Mixed Martial Arts is such an intensive fitness activity in terms of both physical and mental exhaustion that one has to train extensively in a number of areas in order to be adequately prepared. One has to have incredible endurance, enough at least to stay up and alert at all times. Being able to aptly utilize brunt force is also a huge advantage, so one has to be able to strengthen his body to such a level that he can draw said force, and not only that, but he must learn to concentrate well enough to focus that force on a particular target. If you’re enticed by the allure of Mixed Martial Arts and want to prepare yourself for the action by following an all-inclusive regimen to get your body up to speed, you’ll need to do more than just train for the matches themselves. You’ll need to amplify the strength and durability of your own body and mental state, and to do that you’ll have to incorporate several different strategic areas into your training routine.
Run (Again and Again)
Anyone with severely restrained stamina is going to struggle performing moves in Mixed Martial Arts. The amount of physical strain placed on the body is intense, so much so that someone ill-equipped to endure such repetitious strain can be endangering his own health and well being by putting himself in the action front and center. Unless you’re willing to improve upon your body’s endurance, you won’t be able to stay standing for very long, and it’s quite difficult to accomplish anything with your back pressed down against the floor. To stay up and about, you’ll need to endure some intensive cardiovascular workouts.
Running is the simplest, most straightforward way to periodically increase your body’s ability to endure physical strain over long periods of time. If you’re unaccustomed to running for long periods of time unbroken by rest, you’ll need to build your stamina up slowly at first before really pushing yourself hard. Start by running a mile or two every day until you’re able to do so without ending up severely out of breath, panting, etc. Pushing your body further initially when it can barely tolerate a couple of miles of continuous running isn’t going to do you or your training routine any favors. Once you’ve built up your endurance and can last for several miles rather well at a decent pace, you can begin pushing yourself harder.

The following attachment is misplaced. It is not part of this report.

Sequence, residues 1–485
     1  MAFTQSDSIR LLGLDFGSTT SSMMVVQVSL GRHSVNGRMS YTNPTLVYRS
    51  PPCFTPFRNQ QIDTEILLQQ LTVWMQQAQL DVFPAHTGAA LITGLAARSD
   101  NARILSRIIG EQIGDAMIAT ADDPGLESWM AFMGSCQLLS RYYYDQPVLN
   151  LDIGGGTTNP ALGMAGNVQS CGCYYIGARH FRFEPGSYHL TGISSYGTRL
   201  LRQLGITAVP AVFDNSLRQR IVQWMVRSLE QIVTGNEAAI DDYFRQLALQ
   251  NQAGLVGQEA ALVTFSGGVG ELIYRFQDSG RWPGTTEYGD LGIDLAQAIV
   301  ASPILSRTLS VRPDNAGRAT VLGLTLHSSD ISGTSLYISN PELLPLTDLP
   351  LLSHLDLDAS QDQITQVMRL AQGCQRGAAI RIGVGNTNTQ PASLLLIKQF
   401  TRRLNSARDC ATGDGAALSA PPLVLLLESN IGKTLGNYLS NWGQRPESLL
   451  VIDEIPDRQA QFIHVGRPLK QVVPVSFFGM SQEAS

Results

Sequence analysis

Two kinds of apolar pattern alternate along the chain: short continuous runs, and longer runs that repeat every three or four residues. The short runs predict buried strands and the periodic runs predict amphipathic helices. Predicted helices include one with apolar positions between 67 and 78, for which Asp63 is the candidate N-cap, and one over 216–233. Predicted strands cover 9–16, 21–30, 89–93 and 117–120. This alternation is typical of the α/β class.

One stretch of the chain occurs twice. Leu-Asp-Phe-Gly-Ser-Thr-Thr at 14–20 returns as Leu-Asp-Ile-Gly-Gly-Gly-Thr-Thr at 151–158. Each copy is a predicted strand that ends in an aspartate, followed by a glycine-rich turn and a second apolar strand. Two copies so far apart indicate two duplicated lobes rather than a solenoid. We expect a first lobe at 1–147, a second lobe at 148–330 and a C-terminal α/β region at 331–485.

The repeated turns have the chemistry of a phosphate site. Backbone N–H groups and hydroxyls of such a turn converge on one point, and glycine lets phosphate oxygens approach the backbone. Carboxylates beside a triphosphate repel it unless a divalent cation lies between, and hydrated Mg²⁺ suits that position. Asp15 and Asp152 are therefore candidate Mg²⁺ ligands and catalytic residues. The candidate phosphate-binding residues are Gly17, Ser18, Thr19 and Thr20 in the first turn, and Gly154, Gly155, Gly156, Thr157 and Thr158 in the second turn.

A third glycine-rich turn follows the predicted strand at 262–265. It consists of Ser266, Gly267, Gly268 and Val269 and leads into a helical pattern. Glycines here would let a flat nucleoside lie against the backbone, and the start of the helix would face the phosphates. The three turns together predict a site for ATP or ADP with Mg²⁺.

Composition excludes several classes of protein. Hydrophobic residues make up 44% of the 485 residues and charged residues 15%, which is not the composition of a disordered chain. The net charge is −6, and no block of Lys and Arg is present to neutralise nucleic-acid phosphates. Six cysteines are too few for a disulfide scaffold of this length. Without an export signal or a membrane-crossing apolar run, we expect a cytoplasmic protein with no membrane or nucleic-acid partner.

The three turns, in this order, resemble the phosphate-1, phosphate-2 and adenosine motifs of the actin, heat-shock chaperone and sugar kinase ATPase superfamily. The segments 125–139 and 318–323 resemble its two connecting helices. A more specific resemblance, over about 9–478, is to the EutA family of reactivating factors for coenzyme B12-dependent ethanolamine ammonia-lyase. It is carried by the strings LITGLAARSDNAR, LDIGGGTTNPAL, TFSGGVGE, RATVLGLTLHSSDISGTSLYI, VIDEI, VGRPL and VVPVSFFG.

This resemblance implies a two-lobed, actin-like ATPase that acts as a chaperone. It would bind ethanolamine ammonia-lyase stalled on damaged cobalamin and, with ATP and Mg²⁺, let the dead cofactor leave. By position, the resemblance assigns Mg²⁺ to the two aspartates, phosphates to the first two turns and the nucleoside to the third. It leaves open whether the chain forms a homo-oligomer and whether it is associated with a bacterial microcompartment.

Focus on running for as long as possible, as opposed to running really fast but only for a limited set of time. You’re not training to break a marathon time record here, you’re training to endure the tests required of mixed martial artists. If you wanted to break the world record at the Boston Marathon, your pacing is essential to follow and tweak, but here it is the strict amount of time you’re able to last on foot that is of greater urgency. Pacing is important only insomuch as to not have your routine thrown out of whack (dramatically shifting speeds while running can cause your body unnecessary extra exhaustion). Using a treadmill can help you maintain a strict speed pace (as you can set controls on the machine to follow your directions). Running outside is fine too, but many people, especially novice runners, can find it difficult to maintain their speed consistently over several miles. Run often, at least 4 days a week, until you’ve felt your endurance has improved to a point where you can switch over to other stamina-testing cardio activities, such as stair climbing, bike riding, etc. Then, you can choose more of your own preferred activities over running alone.
Punch It Out
Even when you don’t have a sparring partner, you’ll need to work on your punches and kicks with something weighted enough to compare to an actual human competitor. By utilizing a heavy punching bag, you can test your might against a weight level sufficient enough to not warrant needing a sparring partner all too soon. If you’re training on your own, a heavy punching bag can be an effective tool, especially with repeated use. After you’ve built up your endurance enough, you should be able to take on a punching bag at full force and endure long term tests of your jabbing ability without having to worry about an overly exhausted partner.
Eventually, however, the punching bag will become more of a complementary tool that you use in conjunction with a sparring partner. Having another person around is a huge help, particularly because there is so much unpredictability in fighting an actual person. When facing a boxing bag, you are jabbing a stationary object that’s only similarity to people is its weight. When facing a sparring partner, you’re honing in closer to what actually occurs in Mixed Martial Arts (needless to say, there is no master champion punching bag out there you’re going to meet up for a challenge one day).
Take advantage of facing off against a sparring partner as frequently as possible, as it will help you with predictive strategies (knowing when to throw a punch or kick, as well as knowing when to hold back and when to dodge). Though a punching bag can technically last longer in the ring, which makes it a vital tool to have, it can’t help you with fighting strategy nearly as well.
Calling It Quits
Knowing how far you can push yourself before your body gives out might be among the most critical pieces of information you need to discover during your MMA training. Having this knowledge available to you in advanced can help you with in-fight strategy, as you’ll need to ration out your energy and strength at crucial times, which is tremendously difficult if you don’t have any clue how much left your body can take. Boxing, wrestling, and MMA are much the same in this regard, as you’re effectively taking yourself out of a match if you overdo it way too quickly and give out before the long haul part of the match even kicks in. Failure to accurately judge your own give-out point can be your own undoing as a professional MMA fighter.